# Kinematic Stretching

Linear wave theory only provides information about the water kinematics at and below mean sea level (MSL). If the velocity or
acceleration within points above MSL is of interest (i.e. in a wave crest), extrapolation or stretching methods become
necessary Nestegård *et al.*[1].

In the literature, several wave stretching methods have been introduced Nestegård *et al.*[1], OrcaFlex[2], FRyDoM[3].
Their general approach is to model the respective scaling factor \(E(z)\) (introduced in Wave Kinematics) for points above MSL \((z > 0)\)
by stretching or extrapolating its values. In the following, the three methods that have been implemented into QBlade are introduced briefly.
For further information the reader is referred to Nestegård *et al.*[1], OrcaFlex[2], FRyDoM[3].

## Vertical Stretching

This method assumes that all points above MSL equal the kinematic conditions at MSL \((E(z) = 0).\) \(E\) below MSL is left unchanged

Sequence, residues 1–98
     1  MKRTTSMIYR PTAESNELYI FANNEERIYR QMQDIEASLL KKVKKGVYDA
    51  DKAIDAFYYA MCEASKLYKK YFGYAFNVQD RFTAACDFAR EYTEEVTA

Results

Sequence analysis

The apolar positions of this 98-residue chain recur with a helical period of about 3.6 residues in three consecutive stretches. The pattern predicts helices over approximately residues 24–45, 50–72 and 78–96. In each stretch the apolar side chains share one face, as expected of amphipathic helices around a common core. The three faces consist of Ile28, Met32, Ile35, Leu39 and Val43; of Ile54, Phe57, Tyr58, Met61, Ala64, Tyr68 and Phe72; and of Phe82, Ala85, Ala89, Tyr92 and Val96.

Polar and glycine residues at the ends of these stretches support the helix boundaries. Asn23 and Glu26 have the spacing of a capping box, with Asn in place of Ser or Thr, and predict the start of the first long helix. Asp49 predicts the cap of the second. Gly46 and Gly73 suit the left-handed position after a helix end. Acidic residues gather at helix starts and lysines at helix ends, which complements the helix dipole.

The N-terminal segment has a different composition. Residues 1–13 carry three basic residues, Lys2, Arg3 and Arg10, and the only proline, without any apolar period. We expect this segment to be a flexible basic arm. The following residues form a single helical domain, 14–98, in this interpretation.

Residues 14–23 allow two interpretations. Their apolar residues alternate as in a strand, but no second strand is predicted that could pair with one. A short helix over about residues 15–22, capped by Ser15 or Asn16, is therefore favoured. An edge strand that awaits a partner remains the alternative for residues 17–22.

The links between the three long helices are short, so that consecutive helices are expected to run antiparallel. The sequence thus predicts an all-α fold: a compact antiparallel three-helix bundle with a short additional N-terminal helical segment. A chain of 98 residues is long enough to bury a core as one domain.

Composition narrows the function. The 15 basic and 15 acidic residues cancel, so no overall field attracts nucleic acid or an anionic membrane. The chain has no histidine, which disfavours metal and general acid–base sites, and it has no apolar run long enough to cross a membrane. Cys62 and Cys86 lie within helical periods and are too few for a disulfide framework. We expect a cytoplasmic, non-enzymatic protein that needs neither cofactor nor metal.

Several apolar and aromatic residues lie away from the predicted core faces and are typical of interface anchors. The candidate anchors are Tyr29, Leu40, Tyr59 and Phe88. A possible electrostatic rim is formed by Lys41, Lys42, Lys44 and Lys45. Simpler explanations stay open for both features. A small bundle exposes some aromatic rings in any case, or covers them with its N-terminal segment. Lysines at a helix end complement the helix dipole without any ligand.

## Extrapolation Stretching

This method extrapolates \(E(z)\) above MSL linearly by using its gradient along the z-axis. Again, \(E(z)\) below MSL is left unchanged.

## Wheeler Stretching

This method modifies \(E(z)\) so it always is stretched (or contracted) to the instantaneous wave elevation (\(z = \zeta\)). This is done by replacing z with a scaling factor \(z'\) that modifies \(z\) linearly so the following statement is always valid \(h < z' < 0\), where \(h\) Is the water depth.